The Community College of Rhode Island recently received a three-year federal grant from the Departments of Education and Labor to develop a training program for the healthcare and information technology industries and to boost completion rates.

Strengthening community colleges is a top priority for this administration and we are eager to see how Rhode Island invests this new money to prepare students for jobs.

Today I also visited Providence Career and Technical Academy—a state-of-the-art high school where students are graduating ready for college—and equipped with an industry-recognized certification in fields like construction, hospitality and automotive repair.

It's a great option for young people who want to start working right away.

The fact is workforce quality has an impact on your state's ability to compete for business.

Studies of the business climate available on RIPEC's website indicate that low educational attainment is pulling down Rhode Island's rankings as a good place to do business—so this is about so much more than education.

This is about your economic future.

Fortunately, there is a lot of great work underway here in Rhode Island and we are especially pleased to partner with you in that effort.

As all of you know, Rhode Island is one of 11 states along with DC to win a Race to the Top grant.

That was not a gift. That was an investment you earned because we believe Rhode Island can help lead the country where we need to go.

Today, Rhode Island's $75 million RTT grant is on-track and people are working together to do some very difficult things—like figuring out how to implement college and career-ready standards so that we truly prepare our children for success.

Under the RTT grant, Rhode Island is developing an evaluation system that builds in student achievement and other measures—and your teachers are actively involved in that effort.

Meanwhile, thanks to a separate federal competition called Investing in Innovation—or i3—the state-level AFT affiliate in Rhode Island is developing a similar evaluation system that is based on student growth and other factors.

I fully expect that these parallel efforts will combine to make Rhode Island a national leader in the area of meaningful support and evaluation.

Now I know this work is generating some tension around here. That is to be expected and you are hardly alone.

If this work and these changes were easy they would have happened long ago. From Delaware and North Carolina and Indiana to Illinois, states and districts are absolutely wrestling with issues like evaluation.

But these debates are healthy—they are necessary—and ultimately they will be fruitful.

A good evaluation system should drive instructional strategies and help teachers get better. We must support teachers and support accountability.

Unfortunately, today in most places evaluations does neither. It doesn't help teachers and principals get better—it doesn't tell us which ones are excellent—and which ones need more support.

Our policy always has and always will call for multiple measures—where student progress is just one factor—along with other things like principal observation, peer review, or parent and student feedback.

There is no single formula. Districts and states—along with teachers and their unions—need to figure this out—and many have. I was recently in Toledo, Ohio, which has a long-standing evaluation system in place that was jointly developed by teachers and administrators.

It is based on multiple measures and includes a review panel with both administrators and teachers.

Today, at least 23 states and many districts are developing new, more sophisticated systems of support and evaluation and many more are starting down that path.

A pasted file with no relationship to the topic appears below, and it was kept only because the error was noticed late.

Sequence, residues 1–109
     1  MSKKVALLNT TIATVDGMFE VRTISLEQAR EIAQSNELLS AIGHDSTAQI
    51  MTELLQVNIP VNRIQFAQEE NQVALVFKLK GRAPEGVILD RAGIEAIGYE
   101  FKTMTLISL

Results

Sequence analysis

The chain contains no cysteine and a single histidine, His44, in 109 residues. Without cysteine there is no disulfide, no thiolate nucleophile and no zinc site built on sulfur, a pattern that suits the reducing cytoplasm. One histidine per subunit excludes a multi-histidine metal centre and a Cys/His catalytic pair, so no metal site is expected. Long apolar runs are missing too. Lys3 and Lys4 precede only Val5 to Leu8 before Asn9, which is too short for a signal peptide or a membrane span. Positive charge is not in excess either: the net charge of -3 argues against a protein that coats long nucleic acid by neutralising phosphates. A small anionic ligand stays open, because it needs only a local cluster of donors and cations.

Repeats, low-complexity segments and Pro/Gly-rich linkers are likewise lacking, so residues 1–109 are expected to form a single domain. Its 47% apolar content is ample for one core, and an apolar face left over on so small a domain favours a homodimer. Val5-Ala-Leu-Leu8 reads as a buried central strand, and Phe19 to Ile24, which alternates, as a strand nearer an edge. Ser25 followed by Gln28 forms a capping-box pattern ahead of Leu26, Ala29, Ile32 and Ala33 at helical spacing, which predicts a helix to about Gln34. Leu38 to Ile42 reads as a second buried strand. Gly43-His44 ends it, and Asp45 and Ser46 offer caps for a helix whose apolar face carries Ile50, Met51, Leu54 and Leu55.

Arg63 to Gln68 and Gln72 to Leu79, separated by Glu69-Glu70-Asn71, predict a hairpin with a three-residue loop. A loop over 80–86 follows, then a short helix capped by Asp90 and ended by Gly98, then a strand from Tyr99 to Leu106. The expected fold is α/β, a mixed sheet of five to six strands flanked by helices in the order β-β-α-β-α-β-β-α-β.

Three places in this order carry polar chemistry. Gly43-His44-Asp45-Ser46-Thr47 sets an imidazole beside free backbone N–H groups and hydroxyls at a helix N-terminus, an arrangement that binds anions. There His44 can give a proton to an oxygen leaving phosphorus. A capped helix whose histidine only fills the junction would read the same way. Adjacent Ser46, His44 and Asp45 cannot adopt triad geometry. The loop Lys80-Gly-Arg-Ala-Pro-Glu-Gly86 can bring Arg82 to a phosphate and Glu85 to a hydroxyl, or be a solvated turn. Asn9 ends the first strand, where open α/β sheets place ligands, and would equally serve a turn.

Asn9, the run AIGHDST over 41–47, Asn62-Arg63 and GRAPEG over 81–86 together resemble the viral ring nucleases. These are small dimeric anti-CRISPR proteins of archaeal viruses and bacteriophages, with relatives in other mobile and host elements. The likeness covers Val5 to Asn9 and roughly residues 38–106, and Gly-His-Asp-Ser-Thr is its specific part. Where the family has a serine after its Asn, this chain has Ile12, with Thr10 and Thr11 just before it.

They understand this work must be done if we are to get better, hold ourselves accountable and give our children the education they need.

So I salute everyone here in Rhode Island for your persistence on this issue.

As the country evolves and takes on this difficult but critical effort to strengthen and elevate the profession, Rhode Island has a chance to make its mark.

Reforming education is hard, hard work—and some of the hardest work involves turning around our under-performing schools. Here again, Rhode Island is gaining ground.

The events in Central Falls forced some tough conversations but I believe that Central Falls High School is stronger for it today.

I am told there is progress in AP access and enrollment and student discipline.

The school is aggressively targeting students at risk of dropping out and the RIPEC report indicates that some test scores are moving in the right direction—though it is too early to draw any conclusions.

Nevertheless, the teachers and leaders at Central Falls deserve a lot of credit.

Here in Providence, the first six schools to receive federal grants to raise student performance have brought in new leadership teams and some new staff, lengthened the school day and brought in community partners to provide needed social services, after school programs and even family literacy programs for immigrant parents.

One of the schools, Sanchez High School holds classes on Saturday and partners with local employers to prepare students for careers. When students need more time, we must give it to them.

Meanwhile, administrators at every level are working collaboratively with their teachers to build instructional leadership teams that can help raise student achievement.

I love the sense of urgency here and the willingness to challenge the status quo.

Looking ahead, I'm especially hopeful because of Rhode Island's leadership—starting at the top.

Among other things, I am so grateful to Governor Chafee for helping children of undocumented immigrants go to college.

He understands—both intellectually and in his heart—that they will either be an asset or a liability to Rhode Island depending on their level of education.

At the other end of the educational continuum, Rhode Island is competing in our $500 million early learning competition.

Like the K-12 Race to the Top program, this competition will reward states that work together to raise quality, strengthen the workforce and measure outcomes in a useful and consistent way.